Richard Hamilton, the British artist widely considered to be the father of Pop art, died yesterday, September 13, 2011. Today, with numerous obituaries appearing in newspapers throughout the world, it is worth remembering the autobiography he himself wrote, with a Polaroid camera and a little help from 128 of his friends:
HAMILTON, Richard. Polaroid Portraits. Vol. 1, 2, 3 and 4. London/Stuttgart: Edition Hansjorg Mayer, n.d. [1972, 1977, 1983, 2002].
12mos; fully illustrated in b&w and color; cloth boards; printed dust-jackets. Near fine.
First Edition. Started in 1968, finished in 2001, Richard Hamilton’s “self-portrait” project spanned five decades and eventually comprised four volumes. The concept was simple: when Hamilton visited another artist (or an artist came to see him) he asked them to take his picture with a Polaroid camera. When he had collected 32 such Polaroid portraits he published a volume in the series and listed the artists names on the cover. All together these books contain a very effective self-portrait of Hamilton, encompassing his life and travels, the way he aged, and the people that he knew…
After even the briefest perusal of these books it becomes clear that Richard Hamilton knew just about everyone. Roy Lichtenstein took the first picture; Toronto-based designer Bruce Mau, took the last. Artists in between included Andy Warhol, John Baldessari, Man Ray, Francis Bacon, Robert Rauschenberg, Ed Ruscha, Henri Cartier-Bresson, Joseph Beuys, and Gerhard Richter (not to mention, on separate occasions, John Lennon and Paul McCartney).
In conception these books recall Lewitt’s Autobiography, Hans-Peter Feldmann’s All the Clothes of a Woman, and other conceptual photobooks in which an individual’s identity is conveyed obliquely, through an inventory of images. In this case, though, the outlook is quintessentially Pop: it is the inventory of bold-face names that forms identity.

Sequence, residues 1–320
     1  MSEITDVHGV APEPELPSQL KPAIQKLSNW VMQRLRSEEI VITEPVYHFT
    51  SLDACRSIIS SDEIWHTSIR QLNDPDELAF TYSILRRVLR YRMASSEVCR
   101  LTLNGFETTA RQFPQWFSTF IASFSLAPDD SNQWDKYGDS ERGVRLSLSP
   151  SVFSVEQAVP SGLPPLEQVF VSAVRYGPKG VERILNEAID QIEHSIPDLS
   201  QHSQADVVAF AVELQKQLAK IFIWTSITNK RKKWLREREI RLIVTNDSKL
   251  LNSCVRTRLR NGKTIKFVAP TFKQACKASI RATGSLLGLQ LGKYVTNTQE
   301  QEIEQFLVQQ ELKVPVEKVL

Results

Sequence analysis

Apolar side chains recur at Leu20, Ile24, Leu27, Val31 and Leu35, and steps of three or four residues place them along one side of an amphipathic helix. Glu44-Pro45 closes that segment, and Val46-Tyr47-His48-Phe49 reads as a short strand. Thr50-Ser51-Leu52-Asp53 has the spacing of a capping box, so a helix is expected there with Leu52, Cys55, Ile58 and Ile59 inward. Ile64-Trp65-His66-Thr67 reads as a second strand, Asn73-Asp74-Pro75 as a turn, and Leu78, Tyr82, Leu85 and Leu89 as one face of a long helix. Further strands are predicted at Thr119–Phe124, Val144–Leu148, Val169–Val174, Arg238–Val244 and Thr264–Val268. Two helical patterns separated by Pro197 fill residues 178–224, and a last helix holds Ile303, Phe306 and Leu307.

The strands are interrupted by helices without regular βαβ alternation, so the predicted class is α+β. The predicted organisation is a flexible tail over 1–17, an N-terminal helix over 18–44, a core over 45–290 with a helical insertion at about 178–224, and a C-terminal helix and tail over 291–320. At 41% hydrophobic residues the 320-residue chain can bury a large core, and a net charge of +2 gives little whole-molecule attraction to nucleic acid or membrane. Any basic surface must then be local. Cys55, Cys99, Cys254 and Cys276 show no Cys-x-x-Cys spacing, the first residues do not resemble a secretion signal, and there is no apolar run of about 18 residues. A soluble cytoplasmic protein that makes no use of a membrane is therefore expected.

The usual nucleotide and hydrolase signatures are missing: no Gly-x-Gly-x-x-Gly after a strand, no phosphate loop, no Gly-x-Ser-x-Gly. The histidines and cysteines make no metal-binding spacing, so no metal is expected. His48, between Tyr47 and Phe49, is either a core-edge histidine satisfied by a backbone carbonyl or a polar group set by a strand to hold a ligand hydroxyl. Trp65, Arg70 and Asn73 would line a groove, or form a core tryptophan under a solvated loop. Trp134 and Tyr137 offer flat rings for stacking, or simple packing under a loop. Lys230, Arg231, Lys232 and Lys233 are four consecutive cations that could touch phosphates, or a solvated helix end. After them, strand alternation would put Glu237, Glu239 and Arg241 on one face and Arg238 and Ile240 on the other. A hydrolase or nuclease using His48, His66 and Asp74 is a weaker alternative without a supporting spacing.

Poster for My Hustler
22 x 14 inches
Letterpress on poster board
|Warhol: Sin in the |
Summer on Fire Island
Andy Warhol's My Hustler consists of two 33-minute long takes, each a full 1,200 foot reel of 16 mm film exposed continuously. It was filmed on Fire Island in 1965 in a shoot that is notorious because just about everyone on set had taken LSD. Apparently someone had spiked either the scrambled eggs or the orange juice and though Warhol himself denies having been affected, there are wildly differing accounts of the day and few, if any, are completely reliable. The plot of the movie, such as it is, is that an old homosexual brings a beautiful, blond, butch hustler, played by Paul America, to Fire Island for the weekend only to have all his neighbors try to lure him away. Paul America had been discovered at a discotheque in 1965 and brought to the Factory. Born Paul Johnson, accounts also differ as to how he acquired his stage name, though as Warhol said, "he was unbelievably good-looking, like a comic-strip drawing of Mr. America, clean-cut, handsome, very symmetrical. He seemed to be exactly six feet tall and weigh some nice round number." America wound up living at The Factory from 1965 to 1968 where he was, according to Ondine, "everybody's lover.... He was the personification of total sexual satisfaction. Without a brain in his head. Just beautifully vapid."
My Hustler was one of the few early Warhol films that was actually successful commercially. It premiered at the Film-makers' Cinematheque in April, 1966 and this poster was one of ten printed to advertise its run. Its release came during an extraordinary period for Warhol: as My Hustler was showing on 41st street, the Velvet Underground was downtown at The Dom playing its first shows with the Exploding Plastic Inevitable, and on East 77th street Warhol's silver clouds and cow wallpaper were being shown at the Castelli Gallery. (click here for full size image)POR